Intellectual Ventures Claims It's Misunderstood: It's Really Just Trying To Help Everyone Sift Through And Find Good Patents

from the that's-all-bullshit dept

Intellectual Ventures is at it again -- playing the "oh, little innocent us? we're not doing anything that should really concern anyone" card in the press. Wired is running an op-ed by Raymond Hegarty, IV's "VP Of Global Licensing in Europe." He's a long term patent maximalist... and it shows. The article is entitled: Intellectual Ventures: Why the Patent System Needs Aggregators Like Us, which should give you an idea of the fanciful rewriting of history you're about to read.
The U.S. patent system borrowed from mainland Europe a concept that had evolved over hundreds of years: the “moral right” for inventors to protect their ideas. But America's founders went even further – they also included the obligation for inventors to publish.

This extra part of the deal was ingenious: It has been key to America's history as a global leader in innovation.
Except, of course, that patents weren't actually based on "moral rights" at all. Hegarty is making that part up. It was an economic right designed solely for the purpose of "promoting the progress" of "the useful arts." And, yes, it had a disclosure component -- which would be brilliant if it worked. But it doesn't. Especially in the technology industry where IV holds most of its patents. Time and time again we've seen the same thing. No one in technology learns anything from looking over broadly written patents full of legal phrases that mean nothing to engineers. It's not uncommon to hear engineers say that they don't even understand what's in their own patents, once the lawyers get through reworking them. The whole idea that patents disclose things is a myth.

If Hegarty really wanted patents to disclose things, he'd support the idea that any software code covered by a patent had to have the original, working source code be submitted with the patent. Of course, that would make an awful lot of IV's patents not worth very much, since they could no longer be used to shake down companies which are actually innovating.
Because inventors were incentivized by protection, yet still obligated to publish, their ideas became available for everybody to see. Not only did this increase the global pool of knowledge, it also allowed follow-on developers to avoid the blind alleys experienced by the original inventor.
Again, this is part of the myth -- but it's bunk, as most engineers will tell you. It's much, much easier to learn from other products just by looking at those products or reverse engineering what they do, rather than reading over the patent. Hegarty is simply making up a world that does not exist.
The published patent also provides a roadmap to further innovation: the work-around. When developers become too enamored with popular features, they stop innovating. By preventing access to such successful features, patents conversely force competitors to come up with the new ideas or workarounds that lead to fresh innovation.
Another myth with no real support. The idea that developers become "too enamored with popular features" and only innovate because patents block them from staying enamored is laughable. It makes you feel like he's never spent any time with any living engineers or innovators. People innovate for a variety of reasons, and the idea that people don't try something new unless forced to by a patent limitation is simply ridiculous. Studies have shown that the driving causes of innovation are self-need first of all and to stay ahead of the competition second. Both of those give plenty of reasons for innovation without the artificial restriction of a patent.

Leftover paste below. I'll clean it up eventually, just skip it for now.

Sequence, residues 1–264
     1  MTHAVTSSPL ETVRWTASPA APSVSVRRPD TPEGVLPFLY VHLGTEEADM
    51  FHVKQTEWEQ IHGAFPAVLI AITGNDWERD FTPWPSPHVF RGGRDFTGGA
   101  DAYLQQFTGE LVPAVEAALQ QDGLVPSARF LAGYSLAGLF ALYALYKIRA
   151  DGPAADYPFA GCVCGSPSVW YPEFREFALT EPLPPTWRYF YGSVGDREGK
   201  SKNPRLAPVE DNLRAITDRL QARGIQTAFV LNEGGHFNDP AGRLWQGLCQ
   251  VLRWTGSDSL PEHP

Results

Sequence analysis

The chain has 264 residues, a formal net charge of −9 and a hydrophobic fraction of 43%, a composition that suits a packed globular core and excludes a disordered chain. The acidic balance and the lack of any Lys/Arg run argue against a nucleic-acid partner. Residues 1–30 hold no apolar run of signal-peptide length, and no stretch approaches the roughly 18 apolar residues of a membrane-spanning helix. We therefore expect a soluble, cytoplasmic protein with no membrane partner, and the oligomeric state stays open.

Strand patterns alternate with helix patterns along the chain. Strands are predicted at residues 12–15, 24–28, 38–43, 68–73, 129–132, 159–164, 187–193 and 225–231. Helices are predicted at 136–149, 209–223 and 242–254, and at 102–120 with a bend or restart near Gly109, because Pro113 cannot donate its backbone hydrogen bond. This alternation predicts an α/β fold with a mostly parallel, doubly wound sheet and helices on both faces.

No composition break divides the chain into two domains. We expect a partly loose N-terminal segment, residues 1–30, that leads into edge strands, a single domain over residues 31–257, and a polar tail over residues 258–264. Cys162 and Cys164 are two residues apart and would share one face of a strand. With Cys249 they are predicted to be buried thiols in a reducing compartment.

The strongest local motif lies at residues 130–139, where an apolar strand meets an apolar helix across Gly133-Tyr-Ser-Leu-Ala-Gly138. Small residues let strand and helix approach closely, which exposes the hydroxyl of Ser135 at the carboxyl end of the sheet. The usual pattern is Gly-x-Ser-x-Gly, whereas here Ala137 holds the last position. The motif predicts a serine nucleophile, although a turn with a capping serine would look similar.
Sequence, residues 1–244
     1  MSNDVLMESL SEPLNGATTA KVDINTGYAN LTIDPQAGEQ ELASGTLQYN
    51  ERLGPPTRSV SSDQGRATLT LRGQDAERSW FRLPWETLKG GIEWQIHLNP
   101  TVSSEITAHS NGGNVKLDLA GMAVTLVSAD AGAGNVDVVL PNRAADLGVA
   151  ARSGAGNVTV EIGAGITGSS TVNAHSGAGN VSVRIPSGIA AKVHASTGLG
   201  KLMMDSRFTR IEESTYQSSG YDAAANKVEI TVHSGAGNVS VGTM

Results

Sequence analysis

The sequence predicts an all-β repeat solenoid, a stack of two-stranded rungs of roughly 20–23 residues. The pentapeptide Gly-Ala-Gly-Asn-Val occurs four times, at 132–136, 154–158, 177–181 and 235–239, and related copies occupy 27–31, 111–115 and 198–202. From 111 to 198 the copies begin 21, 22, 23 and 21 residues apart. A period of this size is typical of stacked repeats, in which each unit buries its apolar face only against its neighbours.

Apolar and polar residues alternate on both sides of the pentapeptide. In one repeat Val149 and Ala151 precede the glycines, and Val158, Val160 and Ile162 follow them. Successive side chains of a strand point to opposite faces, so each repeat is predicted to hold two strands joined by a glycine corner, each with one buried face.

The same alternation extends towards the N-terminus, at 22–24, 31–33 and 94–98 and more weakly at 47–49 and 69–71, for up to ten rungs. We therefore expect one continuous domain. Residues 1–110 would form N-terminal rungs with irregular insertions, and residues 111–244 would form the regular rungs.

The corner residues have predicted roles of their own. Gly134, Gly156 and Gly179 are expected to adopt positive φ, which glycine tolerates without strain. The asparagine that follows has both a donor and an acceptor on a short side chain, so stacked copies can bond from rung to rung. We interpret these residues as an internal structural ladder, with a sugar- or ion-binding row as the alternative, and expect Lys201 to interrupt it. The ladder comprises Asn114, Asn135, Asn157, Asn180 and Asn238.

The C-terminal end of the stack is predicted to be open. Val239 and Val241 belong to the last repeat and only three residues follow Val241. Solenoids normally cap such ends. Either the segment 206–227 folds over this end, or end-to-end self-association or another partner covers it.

Having started out his article by rewriting history and how and why people innovate, he then goes on to suggest that in such a purely mythical world, massive, obnoxious patent trolls like the one who pays his salary don't just have a place, but are somehow vital to the system.
But as technologies converge and the products we use become increasingly complex, the system needs intermediaries within the market – companies like Intellectual Ventures – to help sift through and navigate the published landscape. By developing focused expertise, these patent licensing entities and intermediaries can function as patent aggregators, assembling portfolios of relevant inventions and providing access through licensing.
Don't you see? Intellectual Ventures didn't just buy up 30,000 or so patents from a bunch of universities struggling to defend their overeager decisions to set up tech transfer offices just for the sake of shaking down actual innovators -- it did it to help companies "sift through and navigate" the patent "landscape." This is the point at which most normal, living, thinking people who are familiar with the patent system call this out for what it is: bullshit. 100% bullshit.

No company is going to Intellectual Ventures and paying them upwards of $100 million to have IV help them sift through the patents that are out there, to better understand the "disclosures" so they can further innovate. They're paying up to avoid getting sued and hit with a judgment that could be many hundreds of millions of dollars. In more colloquial language, this is generally known as a shakedown. But, thanks to our patent system, it's a "legal" form of a shakedown.
Yes, sometimes aggregators have to go to court to protect their patent rights – and get labeled with all kinds of nasty names for doing so.